But it’s not only the message at the heart of the Christian faith which disturbs us. The Christian message is full of sayings — like the one we read a moment ago from James — which also disturb us and which turn our world upside down. Most of us here have grown up in the church, and we’re perhaps used to these things. But imagine someone coming into church for the first time and hearing what James has written here about poverty and riches. He’d start to feel giddy. She’d start to feel dizzy. James writes:

The brother in humble circumstances [and he means a believer who is economically poor] ought to take pride in his high position. But the one who is rich should take pride in his low position.

That’s not the way people normally think. Normally we think that the one who is poor is in a low position. And the one who is rich is in a high position. But James is telling us that the one who is poor is in a high position. And the one who is rich is in a low position. Do you see? The message of Christianity turns our world upside down. So, yes, we want our churches to be welcoming. We want everyone to feel welcome when they come to church. We should do everything we can to make it easy for newcomers. However, we also have to face the fact that the message we proclaim here is a message which is often disturbing, because it turns our world upside down. This is not the way the world sees things. This is different.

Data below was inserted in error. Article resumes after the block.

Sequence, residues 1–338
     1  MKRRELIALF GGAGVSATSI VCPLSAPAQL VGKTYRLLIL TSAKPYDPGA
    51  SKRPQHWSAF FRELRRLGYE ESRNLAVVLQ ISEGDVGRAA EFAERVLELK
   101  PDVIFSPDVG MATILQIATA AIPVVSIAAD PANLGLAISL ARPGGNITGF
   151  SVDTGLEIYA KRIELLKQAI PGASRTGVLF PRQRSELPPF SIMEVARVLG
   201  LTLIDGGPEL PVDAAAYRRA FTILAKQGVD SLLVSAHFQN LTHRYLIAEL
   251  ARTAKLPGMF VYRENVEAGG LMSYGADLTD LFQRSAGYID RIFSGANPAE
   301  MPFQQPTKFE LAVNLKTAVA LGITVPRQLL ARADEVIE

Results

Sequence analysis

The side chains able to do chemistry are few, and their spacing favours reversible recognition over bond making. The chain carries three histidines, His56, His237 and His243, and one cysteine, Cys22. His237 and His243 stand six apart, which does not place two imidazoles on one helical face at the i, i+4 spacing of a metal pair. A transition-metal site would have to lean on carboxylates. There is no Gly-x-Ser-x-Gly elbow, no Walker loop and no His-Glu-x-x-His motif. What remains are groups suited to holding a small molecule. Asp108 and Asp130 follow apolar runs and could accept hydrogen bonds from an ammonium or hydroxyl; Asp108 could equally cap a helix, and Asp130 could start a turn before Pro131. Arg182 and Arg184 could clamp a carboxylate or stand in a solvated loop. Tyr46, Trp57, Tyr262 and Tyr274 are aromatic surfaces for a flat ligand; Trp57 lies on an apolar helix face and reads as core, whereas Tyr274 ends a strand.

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And this is not the first thing which James has said which turns our world upside down. We’re only nine verses in, but he’s already said at least one other thing which is completely different from the way the world normally thinks. Back in verse 2 he said:

Consider it pure joy, my brothers, whenever you face trials of many kinds.

Most people will complain about the trials and troubles in their life. They regard them as an enemy or as an intruder who has come into our life and wrecked it. But James tells his Christian readers to rejoice in our trials. We’re to rejoice in them, not because the trials in themselves are good, but because the trials we go through can produce something good in us. They strengthen our faith so that we’re able to persevere in the faith. And over time we’ll become mature and complete believers, not lacking anything.

And James then went on to speak about wisdom. And one of the connections between trials and wisdom is that we need wisdom from God in order to know how to respond to our trials so that good will come out of them.

And then, James moves from trials and wisdom to poverty and wealth. And this new topic is connected to what has gone before, because all the sorrow that comes from having too little money, and all the sorrow that comes from having too much money, are part of the trials of many kinds which we may suffer in this troubled life. And then, of course, we need wisdom from God in order to view our poverty in the right way. And we need wisdom from God in order to view our wealth in the right way. So, that’s our topic for today. Poverty and riches.